Dozens of Hong Kong opposition figures arrested under security law

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Hong Kong (AFP)

As many as 50 opposition figures from Hong Kong were arrested on Wednesday under a new national security law in the largest operation to date against criticism from Beijing, stepping up the crackdown on Beijing. financial center.

The latest police operation comes as China dismisses opposition to its regime in the semi-autonomous business center after millions took to the streets in 2019 with huge and sometimes violent protests for democracy.

Personalities and opposition parties have taken to their Facebook and Twitter accounts to confirm at least 21 arrests, most of them for “subversion”.

Two high-ranking police sources who both requested anonymity told AFP that “around 50” had been arrested by the city’s new national security unit.

The police sweep drew a crowd of opposition figures, from veteran former pro-democracy lawmakers such as James To, Andrew Wan and Lam Cheuk Ting to a crowd of young activists.

Among the young activists who confirmed their arrests via Facebook were Gwyneth Ho, a 30-year-old former journalist turned social activist, and Tiffany Yuen, a 27-year-old district councilor.

Colleagues of Joshua Wong, one of the city’s most famous democracy activists who is currently in prison, said via his official Facebook account that his house was searched by police in the same operation.

Hong Kong police did not respond to requests for comment on how many people were arrested and why.

Opposition figures said the arrests were linked to a primary organized by pro-democracy parties last year ahead of local parliamentary elections which were ultimately abandoned altogether.

More than 600,000 Hong Kong people turned out to vote in the unofficial primary, which aimed to choose who would stand for election to the Hong Kong legislature – a body where only half of the 70 seats are elected by the people.

The aim of the campaign was to win the 35 elected seats and gain a majority in the legislature for the first time.

At the time, Beijing officials warned that campaigning for a majority was “subversion” under the new security law.

– Arrested live on Facebook –

Ng Kin-wai, a district councilor, broadcast the moment the police came to his home live on Facebook.

“I am arresting you now for the offense of subversion,” said the officer who made the arrest.

“You participated in a primary election called ’35+ citizens vote’ in 2020 to elect 35 or more winners to join the Legislative Council. ”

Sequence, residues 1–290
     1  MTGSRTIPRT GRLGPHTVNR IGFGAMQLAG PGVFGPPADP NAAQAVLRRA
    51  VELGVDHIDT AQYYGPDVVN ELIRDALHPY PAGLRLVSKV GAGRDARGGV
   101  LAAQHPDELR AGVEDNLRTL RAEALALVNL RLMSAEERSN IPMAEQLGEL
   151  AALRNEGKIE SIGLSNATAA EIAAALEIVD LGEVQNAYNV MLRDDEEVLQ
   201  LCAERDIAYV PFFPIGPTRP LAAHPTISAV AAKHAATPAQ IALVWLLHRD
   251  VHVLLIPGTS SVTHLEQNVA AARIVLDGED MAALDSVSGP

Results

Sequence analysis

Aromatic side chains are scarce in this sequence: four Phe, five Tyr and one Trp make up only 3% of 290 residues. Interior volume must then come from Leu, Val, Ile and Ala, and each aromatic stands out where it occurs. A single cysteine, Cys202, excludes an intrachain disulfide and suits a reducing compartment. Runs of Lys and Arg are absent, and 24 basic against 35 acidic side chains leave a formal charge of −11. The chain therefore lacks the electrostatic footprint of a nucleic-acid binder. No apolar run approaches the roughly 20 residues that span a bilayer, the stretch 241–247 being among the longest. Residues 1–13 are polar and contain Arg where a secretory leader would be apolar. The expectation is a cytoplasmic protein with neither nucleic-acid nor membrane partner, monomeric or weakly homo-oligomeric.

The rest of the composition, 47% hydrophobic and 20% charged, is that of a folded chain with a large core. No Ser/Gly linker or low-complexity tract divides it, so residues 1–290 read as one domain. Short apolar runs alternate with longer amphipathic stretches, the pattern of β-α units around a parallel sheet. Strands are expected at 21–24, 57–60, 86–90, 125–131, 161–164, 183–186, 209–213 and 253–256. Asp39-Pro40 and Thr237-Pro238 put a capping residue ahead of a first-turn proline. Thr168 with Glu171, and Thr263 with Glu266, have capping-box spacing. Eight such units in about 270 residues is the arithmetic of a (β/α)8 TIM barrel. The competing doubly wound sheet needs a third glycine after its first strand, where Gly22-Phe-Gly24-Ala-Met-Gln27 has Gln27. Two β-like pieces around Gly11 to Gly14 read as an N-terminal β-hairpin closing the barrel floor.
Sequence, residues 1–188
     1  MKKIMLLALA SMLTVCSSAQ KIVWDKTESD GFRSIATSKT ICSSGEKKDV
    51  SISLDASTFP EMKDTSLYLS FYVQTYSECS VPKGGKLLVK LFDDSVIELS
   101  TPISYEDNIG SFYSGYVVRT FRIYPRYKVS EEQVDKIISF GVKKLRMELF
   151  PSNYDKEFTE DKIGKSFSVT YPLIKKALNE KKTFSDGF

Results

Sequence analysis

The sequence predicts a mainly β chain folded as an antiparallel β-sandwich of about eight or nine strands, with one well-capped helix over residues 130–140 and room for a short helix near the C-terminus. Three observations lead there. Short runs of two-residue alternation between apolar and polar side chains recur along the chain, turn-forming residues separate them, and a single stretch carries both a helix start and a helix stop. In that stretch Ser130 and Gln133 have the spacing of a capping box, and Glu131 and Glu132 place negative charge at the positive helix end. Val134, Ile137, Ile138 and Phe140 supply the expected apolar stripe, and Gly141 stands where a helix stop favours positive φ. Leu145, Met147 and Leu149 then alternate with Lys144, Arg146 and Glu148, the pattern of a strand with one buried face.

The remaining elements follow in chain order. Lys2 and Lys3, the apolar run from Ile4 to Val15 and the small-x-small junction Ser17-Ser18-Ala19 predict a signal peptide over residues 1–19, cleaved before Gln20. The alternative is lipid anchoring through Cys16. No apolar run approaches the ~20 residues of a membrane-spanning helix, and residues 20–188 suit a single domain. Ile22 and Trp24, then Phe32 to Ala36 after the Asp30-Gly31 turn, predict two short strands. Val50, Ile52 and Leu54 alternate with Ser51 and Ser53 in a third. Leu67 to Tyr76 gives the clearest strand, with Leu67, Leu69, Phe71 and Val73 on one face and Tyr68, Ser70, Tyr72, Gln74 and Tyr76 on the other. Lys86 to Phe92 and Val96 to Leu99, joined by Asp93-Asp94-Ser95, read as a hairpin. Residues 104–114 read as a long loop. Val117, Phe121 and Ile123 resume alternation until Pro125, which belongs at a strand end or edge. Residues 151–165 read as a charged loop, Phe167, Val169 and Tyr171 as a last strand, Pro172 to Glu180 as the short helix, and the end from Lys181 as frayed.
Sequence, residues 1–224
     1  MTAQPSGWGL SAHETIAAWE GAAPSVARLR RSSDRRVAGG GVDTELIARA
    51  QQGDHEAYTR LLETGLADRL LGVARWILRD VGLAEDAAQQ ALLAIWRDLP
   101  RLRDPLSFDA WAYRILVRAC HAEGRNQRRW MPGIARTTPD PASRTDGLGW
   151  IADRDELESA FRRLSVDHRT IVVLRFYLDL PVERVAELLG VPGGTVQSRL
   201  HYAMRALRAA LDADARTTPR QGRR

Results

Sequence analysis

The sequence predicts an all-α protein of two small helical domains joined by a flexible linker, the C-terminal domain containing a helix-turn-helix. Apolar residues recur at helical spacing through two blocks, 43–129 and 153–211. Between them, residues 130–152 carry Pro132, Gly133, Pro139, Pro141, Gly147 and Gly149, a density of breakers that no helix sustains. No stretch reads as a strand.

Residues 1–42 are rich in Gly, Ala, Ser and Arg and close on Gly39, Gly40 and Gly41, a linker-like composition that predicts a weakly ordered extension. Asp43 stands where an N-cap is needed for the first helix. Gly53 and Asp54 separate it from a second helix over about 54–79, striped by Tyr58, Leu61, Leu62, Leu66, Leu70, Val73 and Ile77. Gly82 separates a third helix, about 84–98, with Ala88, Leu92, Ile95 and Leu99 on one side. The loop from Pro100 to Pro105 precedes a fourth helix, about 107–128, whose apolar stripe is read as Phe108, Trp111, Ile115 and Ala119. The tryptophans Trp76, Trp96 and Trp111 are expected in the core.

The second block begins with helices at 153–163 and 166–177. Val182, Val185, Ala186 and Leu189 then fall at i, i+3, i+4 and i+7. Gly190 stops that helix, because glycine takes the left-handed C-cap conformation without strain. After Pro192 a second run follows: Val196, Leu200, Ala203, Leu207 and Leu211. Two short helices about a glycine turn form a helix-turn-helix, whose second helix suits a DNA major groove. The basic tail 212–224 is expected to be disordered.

The officer said the campaign “was aimed at seriously interfering with, disrupting or undermining” the government, as was a justification for the charge of subversion.

Robert Chung, a political pollster who helped organize the primary, was also among those arrested Wednesday, according to his colleague Chung Kim-wah.

The National Security Law was imposed on Hong Kong in late June in response to the 2019 protests.

The broad law targets acts that Beijing considers secession, subversion, terrorism, and collusion with foreign forces.

The legislation bypassed the city legislature and was kept a secret until it was passed.

Officials said the security law would target only an “extreme minority.”

But he quickly silenced dissent and banned a host of peaceful political views with dozens of figures arrested even before Wednesday’s operation.

Over the past year, prominent democracy supporters have been arrested, jailed, excluded from politics, or have fled abroad.

Some have seen their assets frozen or families frozen in their bank accounts.

Crimes against national security carry a maximum sentence of life in prison, and bail is generally not granted to those charged.

Others were imprisoned for organizing or participating in protests.

The law also broke the legal firewall between Hong Kong’s independent judiciary and the mainland Communist Party-controlled courts.

China has claimed jurisdiction over particularly serious security crimes and allowed its security agents to operate openly in the city for the first time.

Several Western countries have accused Beijing of tearing up the “One Country, Two Systems” agreement in which it promised that Hong Kong could retain certain freedoms and autonomy before its transfer in 1997 by Great Britain.

Washington has sanctioned a key official over security law, including Hong Kong leader Carrie Lam.

Beijing defended the law as a necessary measure to restore stability.

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